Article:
The trick is that we’re all good people.  Our inherent essence is Buddhanature.  We are all primordially enlightened.  However, through the cumulative effects of our karma (in Buddhism, we believe that karma carries from past-lives, which might explain why two sibling newborns have such distinct personalities even fresh-from-the-womb), we obscure that very nature in the way that clouds might obscure the sun from our line-of-sight.

So, why do bad things happen to good people?  Well, we’re *all* good people in our nature yet we have created karmic conditions for ourselves in the past that create future suffering.

While there are multitudes of ways of skillfully working with and changing our karma (this is most of what the entirety of the Buddhist path is about), there are 5 things you can do to profoundly prevent negative karma:

1: Don’t kill.  Instead, protect the lives of others.

2: Don’t steal. Instead, guard the property of others.

3: Don’t cause sexual difficulties by cheating on your spouse or significant other.  Instead, honor your commitments.

4: Don’t lie.  Instead, be truthful.

5: Don’t get drunk and wild.  Instead, be clear of mind.

(the fifth one is a support to the first four: if you get drunk, there’s a much greater chance you’ll kill, steal, cheat and lie!)

Allow me to close with a quote from my teacher, the Venerable Dzigar Kongtrul Rinpoche, “Don’t blame other for your negative karma.”

Much love to you and yours,

– Gelong Tashi

PS. one of the greatest Buddhist teachers in the world will be coming to the United States for the first time in August of 2010.  For information, please go to www.khyentsevisit2010.org.

Published in: on May 2, 2010 at 6:36 pm  Comments (19)  

OPEN YOUR HEART

600 people including many Buddhist monks (I nearly ordained with this teacher) were killed in an earthquake in Tibet a couple of days ago.  If you have ever considered or would consider doing anything for me whatsoever (like a Christmas present, birthday present, etc…), please instead make a contribution: http://www.vajravidya.myevent.com/3/miscellaneous3.htm (be sure to take a look at the short video at the bottom).

Please send this link to others, post on Facebook and Twitter.

Thank you so very much,

– Gelong Tashi

Published in: on April 18, 2010 at 7:45 am  Leave a Comment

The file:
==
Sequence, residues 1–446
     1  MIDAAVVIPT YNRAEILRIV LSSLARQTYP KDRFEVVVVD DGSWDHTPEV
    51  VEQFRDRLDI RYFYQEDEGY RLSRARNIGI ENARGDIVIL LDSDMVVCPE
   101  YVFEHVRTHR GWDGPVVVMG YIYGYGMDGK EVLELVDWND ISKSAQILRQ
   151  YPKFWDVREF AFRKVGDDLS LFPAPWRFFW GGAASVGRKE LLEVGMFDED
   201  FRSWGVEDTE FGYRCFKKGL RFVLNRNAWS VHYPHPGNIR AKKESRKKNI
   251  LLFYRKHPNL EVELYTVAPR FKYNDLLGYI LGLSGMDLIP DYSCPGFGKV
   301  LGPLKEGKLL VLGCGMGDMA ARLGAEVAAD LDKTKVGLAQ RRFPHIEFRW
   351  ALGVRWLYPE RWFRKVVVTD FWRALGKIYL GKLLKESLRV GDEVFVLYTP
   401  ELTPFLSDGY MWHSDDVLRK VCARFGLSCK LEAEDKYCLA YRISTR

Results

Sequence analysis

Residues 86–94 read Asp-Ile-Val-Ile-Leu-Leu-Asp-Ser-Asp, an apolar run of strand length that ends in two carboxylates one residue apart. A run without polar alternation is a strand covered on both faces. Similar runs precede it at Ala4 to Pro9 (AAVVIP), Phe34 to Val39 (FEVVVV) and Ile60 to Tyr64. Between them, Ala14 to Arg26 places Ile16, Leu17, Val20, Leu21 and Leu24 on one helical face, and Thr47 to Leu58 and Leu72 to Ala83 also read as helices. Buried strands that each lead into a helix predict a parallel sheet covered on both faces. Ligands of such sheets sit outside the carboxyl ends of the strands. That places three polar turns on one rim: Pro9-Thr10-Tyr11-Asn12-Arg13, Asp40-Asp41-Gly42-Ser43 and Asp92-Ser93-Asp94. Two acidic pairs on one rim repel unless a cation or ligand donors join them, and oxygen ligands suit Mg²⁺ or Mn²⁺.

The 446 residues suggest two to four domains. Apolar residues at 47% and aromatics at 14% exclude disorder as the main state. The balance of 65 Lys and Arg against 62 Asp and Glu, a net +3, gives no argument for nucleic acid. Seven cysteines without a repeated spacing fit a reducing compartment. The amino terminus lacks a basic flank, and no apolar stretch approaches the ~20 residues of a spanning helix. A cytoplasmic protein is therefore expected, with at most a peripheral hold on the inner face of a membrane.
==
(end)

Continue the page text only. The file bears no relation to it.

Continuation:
It Gets Different

In some circles, when someone is going through a tough time, you’ll frequently hear a wise elder say, “well, it might get better, it might get worse, but rest assured, it’ll get different.”

At first, blush, this is almost embarrassingly simplistic.  It may be jingo-istic and trite, but, there’s so much more to it than that…..

If we were to treat everything as if it were subject to change (which it is) I suspect that we’d be considerably more authentic, genuine, appreciative and happy.

Truth of the matter is that we spend almost our entire lives treating impermanent things as if they’re permanent.

Remember the last time you lost a job that you didn’t intend to lose?  How about the last relationship that came to an end unexpectedly?  Have you known someone to die of unnatural causes?   Have any ladies out there ever torn your pantyhose unexpectedly?  Have your kids ever broken a dish?

Here’s the rub: When I treat something as unchanging, and then it changes, then the subtle sense of security I had mistakenly given that thing provides a source of unexpected emotional disruption.  With your permission, please let me repeat that again: When I treat something as unchanging, and then it changes, then the subtle sense of security I had mistakenly given that thing provides a source of unexpected emotional disruption.

This is, in my experience, why we feel so groundless and lost when a loved one dies, when we get the unexpected lay-off, when our clothing gets torn/soiled on the way into a job interview and when our dinnerware gets broken unexpectedly.

The problem actually isn’t that they died or that the job ended or that the plate broke, for that is the NATURE of life, jobs and plates.  The problem was mistakenly expecting that those things wouldn’t change and therefore in trying to get some sense of stability and security out of things which are incapable of providing it.

– If we expect a building to last forever, and a terrorist blows it up, our security is so threatened that we decide that we must go to war.

– If we expect our reputations to be above reproach all-the-time-no-matter-what and our family member is critical of us, we cause a rift which lasts for generations.